The donations that Lindsay and I were able to bring back from North America are a blessing. All the reading books are wonderful and very easy to intermix into our curriculum. The whiteboards are used daily and the children love to do work on them!  All of us at the UHURU DAY TUITION Program are very happy and grateful for these donations. 
          Over the semester we will be introducing a dental hygiene program, school garden and compost. Lindsay and I both brought back toothbrushes and toothpaste from our dentists. To ensure the success of this program we have the students brush their teeth each day after lunch. The students really enjoy their toothbrushes and like to remind us all through lunch about brushing their teeth. Over the next few weeks the first steps will be taken to start our school garden. This will allow us to teach responsibility, organic gardening and lower our fresh food costs. The students will help from the beginning and feel ownership toward the garden. We plan on starting off with our leafy greens, as most other vegetables will not be ready this term. In addition to the school garden we will introduce composting to lower our waste, which is very difficult to get rid of.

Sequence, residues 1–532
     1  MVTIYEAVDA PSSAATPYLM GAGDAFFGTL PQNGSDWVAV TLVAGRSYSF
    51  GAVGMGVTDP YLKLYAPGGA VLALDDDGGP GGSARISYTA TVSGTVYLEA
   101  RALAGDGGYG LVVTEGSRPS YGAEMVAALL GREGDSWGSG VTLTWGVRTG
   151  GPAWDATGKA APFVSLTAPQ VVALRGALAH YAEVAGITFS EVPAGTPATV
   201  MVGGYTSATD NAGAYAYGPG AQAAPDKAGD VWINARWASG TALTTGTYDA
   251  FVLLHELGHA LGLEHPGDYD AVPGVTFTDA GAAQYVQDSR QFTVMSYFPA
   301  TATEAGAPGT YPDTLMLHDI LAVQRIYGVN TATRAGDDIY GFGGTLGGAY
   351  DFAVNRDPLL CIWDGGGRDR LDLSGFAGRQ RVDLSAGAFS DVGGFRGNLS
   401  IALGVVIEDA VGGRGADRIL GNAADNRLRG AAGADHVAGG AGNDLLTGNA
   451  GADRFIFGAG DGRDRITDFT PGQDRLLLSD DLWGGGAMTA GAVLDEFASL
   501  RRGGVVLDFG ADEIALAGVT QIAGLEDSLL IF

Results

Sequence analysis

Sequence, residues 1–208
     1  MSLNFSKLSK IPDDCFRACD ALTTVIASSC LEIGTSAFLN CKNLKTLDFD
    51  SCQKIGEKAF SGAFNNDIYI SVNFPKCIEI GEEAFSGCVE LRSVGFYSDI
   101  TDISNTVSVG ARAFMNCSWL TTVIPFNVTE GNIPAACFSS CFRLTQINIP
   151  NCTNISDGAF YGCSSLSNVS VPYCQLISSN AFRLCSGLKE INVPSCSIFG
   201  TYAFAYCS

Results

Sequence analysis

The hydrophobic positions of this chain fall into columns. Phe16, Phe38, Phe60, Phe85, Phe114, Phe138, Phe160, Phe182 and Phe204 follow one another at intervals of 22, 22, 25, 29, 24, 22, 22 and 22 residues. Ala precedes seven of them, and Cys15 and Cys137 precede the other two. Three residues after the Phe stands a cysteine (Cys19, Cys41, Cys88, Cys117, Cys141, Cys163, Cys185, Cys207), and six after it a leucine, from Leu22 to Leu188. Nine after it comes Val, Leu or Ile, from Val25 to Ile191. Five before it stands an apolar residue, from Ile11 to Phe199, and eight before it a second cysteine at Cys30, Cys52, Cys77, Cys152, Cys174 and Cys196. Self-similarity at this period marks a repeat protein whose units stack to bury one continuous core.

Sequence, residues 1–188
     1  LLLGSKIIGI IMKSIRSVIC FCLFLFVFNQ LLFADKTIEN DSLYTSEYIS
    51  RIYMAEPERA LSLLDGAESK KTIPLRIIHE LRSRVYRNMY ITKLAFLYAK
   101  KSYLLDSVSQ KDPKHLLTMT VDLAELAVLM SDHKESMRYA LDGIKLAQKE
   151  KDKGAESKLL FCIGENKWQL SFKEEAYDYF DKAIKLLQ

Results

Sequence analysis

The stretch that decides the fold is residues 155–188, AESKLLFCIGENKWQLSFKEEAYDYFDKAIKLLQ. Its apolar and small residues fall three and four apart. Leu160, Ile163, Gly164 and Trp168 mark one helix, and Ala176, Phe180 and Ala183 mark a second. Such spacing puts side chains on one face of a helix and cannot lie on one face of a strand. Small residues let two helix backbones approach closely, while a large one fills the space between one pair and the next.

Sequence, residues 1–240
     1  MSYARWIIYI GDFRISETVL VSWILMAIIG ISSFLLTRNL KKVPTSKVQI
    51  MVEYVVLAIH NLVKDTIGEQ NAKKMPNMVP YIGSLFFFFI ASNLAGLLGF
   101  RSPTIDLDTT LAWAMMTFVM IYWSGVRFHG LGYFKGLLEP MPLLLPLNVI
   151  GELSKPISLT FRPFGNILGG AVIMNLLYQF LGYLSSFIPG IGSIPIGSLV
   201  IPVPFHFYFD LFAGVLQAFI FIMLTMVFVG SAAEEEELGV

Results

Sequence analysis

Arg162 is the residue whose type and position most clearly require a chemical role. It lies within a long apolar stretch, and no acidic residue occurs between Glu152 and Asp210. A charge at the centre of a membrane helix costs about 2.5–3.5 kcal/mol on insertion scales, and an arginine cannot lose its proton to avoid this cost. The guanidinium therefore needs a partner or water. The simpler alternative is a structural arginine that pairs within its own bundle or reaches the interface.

Lindsay is a experience ultimate frisbee player and has begun teaching our students the fundamentals of frisbee. The first lesson was to not call it a plate! Here are some lovely photos from our first frisbee lesson!!! 

I’m very much looking forward to the last term of school and all the possibilities it holds. Again, thank you very much for the donations that have been given to us! More to come in the following weeks! 

- Madame Kirsten 

Friday, July 15, 2011

End of the school term!


    It’s Kirsten here. We are currently on a long vacation for the month of July. The end of the year was very eventful and busy with teacher transitions, numerous volunteers, our first field trip, and another round of exams. 

The transition of teachers has gone smoothly although it took some getting use for the students and myself. The students had to get use to a new Madame's teaching and communication styles. As for myself, I had never had a full teaching job. Despite having had experience teaching specific topics, I had never been fully in charge of an entire range of subjects. It has challenged my creativity, patience and intelligence, and is more rewarding and life changing then I could have ever expected. I am so grateful and happy to have not only taken this position, but having decided to stay for the full year. I believe it is the best decision for all of us!